What does this latest controversy mean for Facebook? Should we all delete Facebook and revive our MySpace accounts? Will our private information remain private or be just as unsafe as always?
After watching Mark Zuckerberg testify you might come away with absolutely no answers to the above questions but a feeling that 1) the old guard of Congress have no idea how Facebook and social media work, 2) the congress members are somewhat starstruck by international celebrities, and 3) that social media as we know it is going to end…or maybe not.
How did we get here?
The warning signs for Facebook’s troubles were fired much earlier this year when Unilever (owner of Dove, Lipton, and Ben & Jerry’s), one of the world’s top advertisers, threatened to pull their advertising from digital platforms that had become “swamps” of fake news and hate rhetoric.
Keith Weed, Unilever marketing boss, stated, “We cannot continue to prop up a digital supply chain … which at times is little better than a swamp in terms of its transparency.”
According to CNN Money, Unilever has an annual marketing budget of nearly 10 billions and 25% of its ads are digital, so its impact would be huge.
The final blow came with the Cambridge Analytica controversy in which the data of over 87 million users was shared with the Trump campaign during the 2016 Presidential election.
In the wake of privacy concerns and lack of control over Facebook’s shared content, a campaign to delete facebook went viral.
Prominent among the deleters was none other than Steve Wozniak, co-founder of Apple Computers, who said he was leaving Facebook over concerns of how Facebook treats users’ private information.
In an email to USA Today, Wozniak explained, “Users provide every detail of their life to Facebook and … The profits are all based on the user’s info, but the users get none of the profits back.”
Data is the new oil
Chris Kelly, who was employee number 25 and served as Chief Privacy Officer, General Counsel, and Head of Global Public Policy for Facebook, adds that “data is the new oil.” Everyone is finding ways to make money off it and drilling new wells of data everywhere.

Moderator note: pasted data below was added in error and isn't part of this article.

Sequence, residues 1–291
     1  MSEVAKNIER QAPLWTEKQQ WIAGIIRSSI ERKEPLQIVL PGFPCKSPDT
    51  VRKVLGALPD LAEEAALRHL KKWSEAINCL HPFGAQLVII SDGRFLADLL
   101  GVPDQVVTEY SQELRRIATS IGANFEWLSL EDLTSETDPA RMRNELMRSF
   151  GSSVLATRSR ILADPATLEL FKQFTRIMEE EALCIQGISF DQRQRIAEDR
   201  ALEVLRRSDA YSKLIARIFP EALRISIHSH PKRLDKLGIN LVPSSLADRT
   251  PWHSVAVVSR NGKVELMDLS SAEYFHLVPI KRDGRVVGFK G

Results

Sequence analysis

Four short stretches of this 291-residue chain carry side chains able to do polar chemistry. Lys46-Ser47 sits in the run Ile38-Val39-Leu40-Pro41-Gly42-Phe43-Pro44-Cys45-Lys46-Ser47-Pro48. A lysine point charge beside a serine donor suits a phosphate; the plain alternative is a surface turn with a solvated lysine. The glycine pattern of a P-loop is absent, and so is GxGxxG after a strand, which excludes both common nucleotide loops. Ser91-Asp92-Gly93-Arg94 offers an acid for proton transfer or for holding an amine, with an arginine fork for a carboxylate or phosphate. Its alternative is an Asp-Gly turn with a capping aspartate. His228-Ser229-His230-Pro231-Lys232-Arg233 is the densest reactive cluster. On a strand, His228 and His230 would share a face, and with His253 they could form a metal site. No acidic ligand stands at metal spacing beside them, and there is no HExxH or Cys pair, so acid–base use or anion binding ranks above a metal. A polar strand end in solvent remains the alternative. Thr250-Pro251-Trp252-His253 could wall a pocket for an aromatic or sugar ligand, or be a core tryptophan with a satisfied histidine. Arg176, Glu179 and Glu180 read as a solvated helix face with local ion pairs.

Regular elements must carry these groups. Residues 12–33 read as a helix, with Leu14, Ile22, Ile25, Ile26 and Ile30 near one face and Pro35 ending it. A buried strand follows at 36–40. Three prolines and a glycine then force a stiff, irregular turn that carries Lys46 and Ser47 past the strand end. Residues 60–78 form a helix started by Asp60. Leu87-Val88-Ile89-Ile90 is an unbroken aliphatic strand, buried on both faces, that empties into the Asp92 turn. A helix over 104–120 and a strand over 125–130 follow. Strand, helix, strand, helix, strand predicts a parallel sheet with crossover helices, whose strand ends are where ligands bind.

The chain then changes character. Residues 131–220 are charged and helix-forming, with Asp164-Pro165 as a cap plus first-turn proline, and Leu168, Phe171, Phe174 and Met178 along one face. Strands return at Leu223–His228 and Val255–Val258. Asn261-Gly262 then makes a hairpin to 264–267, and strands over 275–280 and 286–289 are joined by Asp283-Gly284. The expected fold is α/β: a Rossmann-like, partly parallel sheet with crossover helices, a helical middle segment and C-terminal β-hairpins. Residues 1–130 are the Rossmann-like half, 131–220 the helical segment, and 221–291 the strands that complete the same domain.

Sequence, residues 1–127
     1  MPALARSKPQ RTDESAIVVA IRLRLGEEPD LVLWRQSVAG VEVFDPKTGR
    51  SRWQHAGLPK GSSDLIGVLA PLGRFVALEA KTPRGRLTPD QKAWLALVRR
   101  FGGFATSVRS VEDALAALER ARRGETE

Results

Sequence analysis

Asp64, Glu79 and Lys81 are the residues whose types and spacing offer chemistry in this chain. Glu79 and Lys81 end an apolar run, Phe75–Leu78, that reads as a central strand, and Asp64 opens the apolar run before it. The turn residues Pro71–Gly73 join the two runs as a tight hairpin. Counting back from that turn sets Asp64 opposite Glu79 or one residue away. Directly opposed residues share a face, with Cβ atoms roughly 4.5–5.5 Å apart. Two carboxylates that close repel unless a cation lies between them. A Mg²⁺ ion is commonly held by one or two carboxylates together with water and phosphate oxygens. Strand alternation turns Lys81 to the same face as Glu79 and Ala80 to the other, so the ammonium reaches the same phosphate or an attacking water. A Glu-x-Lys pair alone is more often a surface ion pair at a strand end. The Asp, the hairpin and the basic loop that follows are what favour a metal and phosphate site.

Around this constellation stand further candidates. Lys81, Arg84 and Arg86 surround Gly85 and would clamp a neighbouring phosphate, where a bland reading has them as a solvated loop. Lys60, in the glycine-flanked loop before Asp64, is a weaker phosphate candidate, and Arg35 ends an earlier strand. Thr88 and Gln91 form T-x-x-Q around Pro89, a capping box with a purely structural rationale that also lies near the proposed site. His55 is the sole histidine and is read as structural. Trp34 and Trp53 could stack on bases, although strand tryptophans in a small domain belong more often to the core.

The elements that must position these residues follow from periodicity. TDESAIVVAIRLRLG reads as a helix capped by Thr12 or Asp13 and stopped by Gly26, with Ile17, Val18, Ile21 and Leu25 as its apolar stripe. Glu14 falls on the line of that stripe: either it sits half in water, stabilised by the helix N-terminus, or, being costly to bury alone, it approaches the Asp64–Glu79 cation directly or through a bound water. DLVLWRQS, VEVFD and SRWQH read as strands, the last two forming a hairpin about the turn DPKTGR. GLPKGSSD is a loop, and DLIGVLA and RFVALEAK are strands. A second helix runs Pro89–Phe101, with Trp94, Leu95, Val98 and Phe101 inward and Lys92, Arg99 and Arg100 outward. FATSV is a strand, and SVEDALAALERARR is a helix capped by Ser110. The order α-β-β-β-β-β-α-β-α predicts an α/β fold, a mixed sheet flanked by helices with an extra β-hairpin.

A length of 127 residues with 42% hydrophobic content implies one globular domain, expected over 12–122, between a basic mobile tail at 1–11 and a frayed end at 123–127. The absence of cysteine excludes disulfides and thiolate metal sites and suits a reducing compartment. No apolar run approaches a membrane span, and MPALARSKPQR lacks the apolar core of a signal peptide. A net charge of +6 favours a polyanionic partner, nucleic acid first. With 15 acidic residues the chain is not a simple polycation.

The controversy’s effect
While the price of the stock went down initially from a peak of $185 on March 16 before the scandal broke, the price of the stock recovered some ground when Zuckerberg testified.
Kevin O’Leary of Shark Tank fame believes that the controversy will have little effect on the business model of Facebook and that the controversy will blow over in two months.
On CNBC, O’Leary said, “I bet in two months, after all this blows over, their cash flows will be up, not down, because there’s nowhere else to go.”
Facebook’s advantage and strength are that they have 2.2 billion users and specialized tools for targeted advertising, which are too useful for businesses to ignore.
What’s right doesn’t always win
Facebook has nothing to worry about. Facebook is following the typical path of fame. We champion a company’s rise, marvel at its triumphs, grow tired of the company, watch it fall from grace due to some scandal, only to see it rise again. Call it the zig-zag of long-term success.
As for our personal and private data…until better encryption tools are made, you should know that everything you do online is potentially public—from what you look at to what you purchase to who you interact with. It’s the price we pay for the price we don’t pay to use the services.
Kyle Crocco is the Content Marketing Coordinator at BigSpeak Speakers Bureau, a graduate of UC Santa Barbara, and the lead singer of Duh Professors. He regularly publishes business book reviews and thought articles on Medium, Business 2 Community, and Born 2 Invest.